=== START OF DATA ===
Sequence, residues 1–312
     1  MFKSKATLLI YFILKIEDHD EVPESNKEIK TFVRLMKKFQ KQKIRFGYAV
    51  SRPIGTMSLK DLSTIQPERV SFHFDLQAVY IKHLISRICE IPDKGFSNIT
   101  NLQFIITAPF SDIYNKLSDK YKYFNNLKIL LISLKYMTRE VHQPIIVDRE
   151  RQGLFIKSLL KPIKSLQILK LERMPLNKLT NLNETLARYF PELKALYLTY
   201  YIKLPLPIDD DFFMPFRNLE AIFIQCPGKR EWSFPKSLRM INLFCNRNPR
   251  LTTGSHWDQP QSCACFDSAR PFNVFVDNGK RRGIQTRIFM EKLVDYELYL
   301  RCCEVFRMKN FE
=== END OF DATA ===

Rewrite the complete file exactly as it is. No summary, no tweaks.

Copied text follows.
Sequence, residues 1–312
     1  MFKSKATLLI YFILKIEDHD EVPESNKEIK TFVRLMKKFQ KQKIRFGYAV
    51  SRPIGTMSLK DLSTIQPERV SFHFDLQAVY IKHLISRICE IPDKGFSNIT
   101  NLQFIITAPF SDIYNKLSDK YKYFNNLKIL LISLKYMTRE VHQPIIVDRE
   151  RQGLFIKSLL KPIKSLQILK LERMPLNKLT NLNETLARYF PELKALYLTY
   201  YIKLPLPIDD DFFMPFRNLE AIFIQCPGKR EWSFPKSLRM INLFCNRNPR
   251  LTTGSHWDQP QSCACFDSAR PFNVFVDNGK RRGIQTRIFM EKLVDYELYL
   301  RCCEVFRMKN FE